With the beginning of Motorcycle Awareness Month on May 1, the American Motorcyclist Association is issuing a special appeal to motorists to be aware of their driving environment, check mirrors and blind spots before changing lanes and, especially, to watch for motorcyclists.
PICKERINGTON, Ohio -- With the beginning of Motorcycle Awareness Month on May 1, the American Motorcyclist Association is issuing a special appeal to motorists to be aware of their driving environment, check mirrors and blind spots before changing lanes and, especially, to watch for motorcyclists.
"The warmer weather in May brings out the riders who have been unable to ride all winter, so it presents an excellent opportunity for us to educate the non-riding public about the safety issues that affect motorcyclists every time we roll out of our driveways or onto a trail," said Rob Dingman, AMA president and CEO. "The AMA is monitoring more than 1,124 state and federal bills that would affect motorcycling safety or motorcyclists' rights, including many that deal with rider safety."
Among the top awareness issues in 2015 are distracted driving and the need for motorcyclist and driver training.
Sean Hutson, AMA government affairs manager for on-highway issues, said state legislatures are considering more than 150 bills that deal with distracted driving. Those bills range from prohibitions on minors using personal electronic devices to bans on the use of electronic devices by any driver.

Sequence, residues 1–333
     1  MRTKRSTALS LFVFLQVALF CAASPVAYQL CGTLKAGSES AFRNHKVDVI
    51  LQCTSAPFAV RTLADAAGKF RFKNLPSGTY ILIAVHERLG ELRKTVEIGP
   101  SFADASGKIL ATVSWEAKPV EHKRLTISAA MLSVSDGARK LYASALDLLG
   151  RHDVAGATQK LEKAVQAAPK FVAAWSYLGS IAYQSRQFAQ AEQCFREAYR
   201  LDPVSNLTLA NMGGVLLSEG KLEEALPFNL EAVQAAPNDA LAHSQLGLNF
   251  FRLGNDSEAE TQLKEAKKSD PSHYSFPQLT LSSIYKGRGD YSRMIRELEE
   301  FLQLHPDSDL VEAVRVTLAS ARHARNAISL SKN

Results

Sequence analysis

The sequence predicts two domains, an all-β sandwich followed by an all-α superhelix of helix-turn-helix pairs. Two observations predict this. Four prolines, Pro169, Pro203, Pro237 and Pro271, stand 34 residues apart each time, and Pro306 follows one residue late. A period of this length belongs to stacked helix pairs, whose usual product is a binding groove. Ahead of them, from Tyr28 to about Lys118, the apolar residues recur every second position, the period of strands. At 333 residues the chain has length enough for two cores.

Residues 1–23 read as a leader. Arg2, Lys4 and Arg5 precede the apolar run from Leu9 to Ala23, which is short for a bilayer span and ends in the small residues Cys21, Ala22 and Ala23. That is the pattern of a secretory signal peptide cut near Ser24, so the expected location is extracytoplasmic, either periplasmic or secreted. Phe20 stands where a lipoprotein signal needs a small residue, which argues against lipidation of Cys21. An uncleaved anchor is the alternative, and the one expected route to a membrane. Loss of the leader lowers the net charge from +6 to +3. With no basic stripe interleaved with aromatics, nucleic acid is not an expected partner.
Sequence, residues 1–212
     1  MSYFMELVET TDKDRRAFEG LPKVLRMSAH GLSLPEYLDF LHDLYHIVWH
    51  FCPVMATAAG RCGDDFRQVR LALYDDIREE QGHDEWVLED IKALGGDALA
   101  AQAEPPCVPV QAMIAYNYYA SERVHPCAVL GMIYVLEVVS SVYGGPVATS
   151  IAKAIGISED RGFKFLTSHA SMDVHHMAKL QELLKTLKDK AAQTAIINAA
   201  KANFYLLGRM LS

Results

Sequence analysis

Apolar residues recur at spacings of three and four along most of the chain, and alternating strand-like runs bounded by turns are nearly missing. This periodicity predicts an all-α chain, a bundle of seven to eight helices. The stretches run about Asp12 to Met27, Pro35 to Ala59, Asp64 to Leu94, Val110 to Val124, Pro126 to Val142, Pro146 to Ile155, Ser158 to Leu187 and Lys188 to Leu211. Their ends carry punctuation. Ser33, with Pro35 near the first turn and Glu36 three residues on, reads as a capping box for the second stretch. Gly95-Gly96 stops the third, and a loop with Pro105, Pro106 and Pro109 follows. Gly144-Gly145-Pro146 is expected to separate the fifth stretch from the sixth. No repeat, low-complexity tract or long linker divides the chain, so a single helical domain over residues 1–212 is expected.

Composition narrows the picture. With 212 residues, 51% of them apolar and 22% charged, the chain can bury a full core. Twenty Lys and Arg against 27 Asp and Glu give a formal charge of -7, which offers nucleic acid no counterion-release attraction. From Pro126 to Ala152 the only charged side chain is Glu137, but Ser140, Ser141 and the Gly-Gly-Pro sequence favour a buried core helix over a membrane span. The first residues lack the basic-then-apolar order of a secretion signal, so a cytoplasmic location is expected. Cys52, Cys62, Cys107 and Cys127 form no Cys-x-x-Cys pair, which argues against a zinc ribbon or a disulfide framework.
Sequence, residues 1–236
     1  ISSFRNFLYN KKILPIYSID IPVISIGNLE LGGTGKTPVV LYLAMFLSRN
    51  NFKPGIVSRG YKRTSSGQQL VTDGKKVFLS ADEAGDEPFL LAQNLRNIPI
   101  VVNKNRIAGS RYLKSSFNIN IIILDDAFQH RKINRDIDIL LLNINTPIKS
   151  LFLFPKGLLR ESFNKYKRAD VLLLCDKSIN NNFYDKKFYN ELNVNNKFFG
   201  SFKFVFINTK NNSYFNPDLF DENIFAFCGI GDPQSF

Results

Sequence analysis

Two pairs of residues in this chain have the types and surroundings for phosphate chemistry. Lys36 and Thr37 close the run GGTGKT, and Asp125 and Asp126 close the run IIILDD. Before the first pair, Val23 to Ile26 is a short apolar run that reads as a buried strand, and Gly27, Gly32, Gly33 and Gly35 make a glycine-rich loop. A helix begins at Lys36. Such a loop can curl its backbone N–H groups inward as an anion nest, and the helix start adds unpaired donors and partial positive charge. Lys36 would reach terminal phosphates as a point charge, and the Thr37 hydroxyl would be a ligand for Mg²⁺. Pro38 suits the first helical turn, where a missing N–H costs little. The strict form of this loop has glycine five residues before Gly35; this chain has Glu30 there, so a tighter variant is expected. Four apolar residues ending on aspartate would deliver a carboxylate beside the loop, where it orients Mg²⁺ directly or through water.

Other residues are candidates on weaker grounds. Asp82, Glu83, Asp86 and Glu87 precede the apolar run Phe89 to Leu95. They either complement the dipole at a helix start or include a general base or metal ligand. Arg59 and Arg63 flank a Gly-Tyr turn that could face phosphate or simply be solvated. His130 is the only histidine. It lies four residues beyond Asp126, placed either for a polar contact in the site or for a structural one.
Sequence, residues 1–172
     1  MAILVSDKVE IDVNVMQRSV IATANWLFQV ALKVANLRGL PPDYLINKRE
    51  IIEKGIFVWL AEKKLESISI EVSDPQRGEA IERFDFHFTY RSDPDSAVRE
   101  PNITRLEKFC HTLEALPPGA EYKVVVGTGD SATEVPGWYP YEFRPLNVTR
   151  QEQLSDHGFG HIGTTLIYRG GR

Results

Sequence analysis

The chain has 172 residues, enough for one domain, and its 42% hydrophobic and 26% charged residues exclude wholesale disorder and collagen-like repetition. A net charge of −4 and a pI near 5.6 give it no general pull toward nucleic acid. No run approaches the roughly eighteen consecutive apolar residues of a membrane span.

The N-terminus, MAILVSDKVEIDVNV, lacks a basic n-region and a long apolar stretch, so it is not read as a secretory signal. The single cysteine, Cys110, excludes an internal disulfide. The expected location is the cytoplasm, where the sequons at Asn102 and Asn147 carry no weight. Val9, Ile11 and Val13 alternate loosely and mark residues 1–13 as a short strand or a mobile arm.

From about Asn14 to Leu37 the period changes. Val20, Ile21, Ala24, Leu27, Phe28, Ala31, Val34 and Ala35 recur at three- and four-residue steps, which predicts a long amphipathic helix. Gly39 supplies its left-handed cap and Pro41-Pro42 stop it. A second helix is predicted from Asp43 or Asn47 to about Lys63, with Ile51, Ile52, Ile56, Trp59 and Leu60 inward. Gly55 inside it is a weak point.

Rather than solely seeking bans on specific forms of behavior, though, the AMA advocates legislation that includes enhanced penalty options to be determined by the courts in cases where distracted driving results in a crash.
In addition, the AMA supports training programs for motorcyclists -- including advanced skills courses - and more thorough education for motorists. A new law in Michigan, for example, requires motorcycle- and bicycle-awareness and safety instruction in all of the state's courses for new drivers.
Drivers can avoid crashes with motorcyclists by taking extra care and looking twice to spot motorcycles in traffic -- especially at intersections -- respecting the motorcyclists' space on the road and by not following too closely.
Motorcycle Awareness Month, launched by the AMA in the early 1980s and adopted by many state motorcycle-rights organizations, government entities and AMA-sanctioned clubs, is observed each May. Video and audio messages can be downloaded at www.americanmotorcyclist.com/Rights/Resources/PublicServiceAnnouncements.aspx.
AMA position statements on distracted and inattentive vehicle operation and rider education, as well as other subjects, can be found here: www.americanmotorcyclist.com/rights/positionstatements.
About the American Motorcyclist Association
Founded in 1924, the AMA is a not-for-profit member-based association whose mission is to promote the motorcycle lifestyle and protect the future of motorcycling. As the world's largest motorcycling rights and event sanctioning organization, the AMA advocates for riders' interests at all levels of government and sanctions thousands of competition and recreational events every year. The AMA also provides money-saving discounts on products and services for its members. Through the AMA Motorcycle Hall of Fame in Pickerington, Ohio, the AMA honors the heroes and heritage of motorcycling. For more information, visit www.americanmotorcyclist.com.